Two years after I brought it home from the garden nursery, my pineapple guava tree is finally blooming–edible flowers that, left untouched, magically transform themselves into sweet, juicy fruits. And I’m remembering today a sweet little folk tale I read when I first planted it.
“Honi and the Carob Tree” speaks to me of the quiet joys that come of communing with Mother Nature, being rocked in the cradle of our ancestors, and mothering our loved ones. Pull up a chair, and read it for yourself. Breathe deep those fragrant memories and revel in their sweetness.
One day, Honi the Circle Maker was walking on the road and saw a man planting a carob tree. Honi asked the man, “How long will it take for this tree to bear fruit?”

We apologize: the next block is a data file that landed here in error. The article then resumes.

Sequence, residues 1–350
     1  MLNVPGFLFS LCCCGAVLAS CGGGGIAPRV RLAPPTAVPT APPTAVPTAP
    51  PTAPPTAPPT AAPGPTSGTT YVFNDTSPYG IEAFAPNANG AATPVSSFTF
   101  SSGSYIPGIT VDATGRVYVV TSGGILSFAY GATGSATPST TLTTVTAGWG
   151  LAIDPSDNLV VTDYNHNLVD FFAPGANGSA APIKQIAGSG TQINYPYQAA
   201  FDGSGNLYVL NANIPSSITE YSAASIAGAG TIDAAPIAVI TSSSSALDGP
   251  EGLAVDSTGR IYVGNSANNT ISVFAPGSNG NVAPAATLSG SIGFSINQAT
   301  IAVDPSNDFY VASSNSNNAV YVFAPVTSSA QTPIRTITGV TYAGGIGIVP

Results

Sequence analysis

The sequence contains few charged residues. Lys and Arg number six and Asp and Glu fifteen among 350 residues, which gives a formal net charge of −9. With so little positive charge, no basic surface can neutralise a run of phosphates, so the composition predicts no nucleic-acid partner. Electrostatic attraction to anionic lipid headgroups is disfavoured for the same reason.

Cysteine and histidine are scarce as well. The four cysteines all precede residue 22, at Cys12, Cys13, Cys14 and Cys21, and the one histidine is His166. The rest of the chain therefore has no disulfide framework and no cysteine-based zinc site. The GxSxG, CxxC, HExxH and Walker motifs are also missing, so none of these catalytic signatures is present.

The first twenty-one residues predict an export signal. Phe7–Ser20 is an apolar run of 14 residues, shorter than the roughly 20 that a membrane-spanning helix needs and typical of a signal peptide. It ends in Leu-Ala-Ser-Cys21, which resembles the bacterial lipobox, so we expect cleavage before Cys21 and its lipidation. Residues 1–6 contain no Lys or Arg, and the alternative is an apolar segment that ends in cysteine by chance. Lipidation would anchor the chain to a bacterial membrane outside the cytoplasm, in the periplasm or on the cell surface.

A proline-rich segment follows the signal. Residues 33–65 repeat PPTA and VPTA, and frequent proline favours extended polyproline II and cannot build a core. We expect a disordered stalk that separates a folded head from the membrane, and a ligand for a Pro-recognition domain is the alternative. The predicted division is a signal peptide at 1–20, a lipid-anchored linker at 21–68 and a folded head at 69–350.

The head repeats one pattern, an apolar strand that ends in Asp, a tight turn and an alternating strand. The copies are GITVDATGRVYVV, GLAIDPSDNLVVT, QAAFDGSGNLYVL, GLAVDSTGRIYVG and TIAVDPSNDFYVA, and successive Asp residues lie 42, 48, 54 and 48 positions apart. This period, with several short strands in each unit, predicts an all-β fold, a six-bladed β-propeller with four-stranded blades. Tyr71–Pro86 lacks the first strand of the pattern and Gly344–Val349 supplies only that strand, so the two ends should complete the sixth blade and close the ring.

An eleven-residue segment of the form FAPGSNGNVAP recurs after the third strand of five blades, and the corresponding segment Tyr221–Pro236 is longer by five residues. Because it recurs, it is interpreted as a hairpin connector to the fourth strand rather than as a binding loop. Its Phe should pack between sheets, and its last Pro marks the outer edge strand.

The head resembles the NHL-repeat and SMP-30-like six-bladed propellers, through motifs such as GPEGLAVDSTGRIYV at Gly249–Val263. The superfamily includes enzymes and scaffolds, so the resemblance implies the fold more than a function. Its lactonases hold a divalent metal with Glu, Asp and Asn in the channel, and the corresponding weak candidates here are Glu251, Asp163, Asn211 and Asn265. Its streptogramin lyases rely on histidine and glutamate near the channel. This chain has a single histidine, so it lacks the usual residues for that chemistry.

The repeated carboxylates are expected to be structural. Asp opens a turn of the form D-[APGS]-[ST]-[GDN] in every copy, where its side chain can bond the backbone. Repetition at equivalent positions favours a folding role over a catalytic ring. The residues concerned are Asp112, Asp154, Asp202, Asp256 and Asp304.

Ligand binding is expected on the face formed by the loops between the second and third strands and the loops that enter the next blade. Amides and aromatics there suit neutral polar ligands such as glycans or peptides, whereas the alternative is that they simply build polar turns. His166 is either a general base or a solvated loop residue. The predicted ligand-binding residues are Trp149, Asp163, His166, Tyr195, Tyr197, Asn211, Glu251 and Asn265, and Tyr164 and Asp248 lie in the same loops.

The man replied, “Seventy years.”
Honi then asked the man, “And do you think you will live another seventy years and eat the fruit of this tree?”
The man answered, “Perhaps not. However, when I was born into this world, I found many carob trees planted by my father and grandfather. Just as they planted trees for me, I am planting trees for my children and grandchildren so they will be able to eat the fruit of these trees.”— A Talmud tale, via SPIRIT OF TREES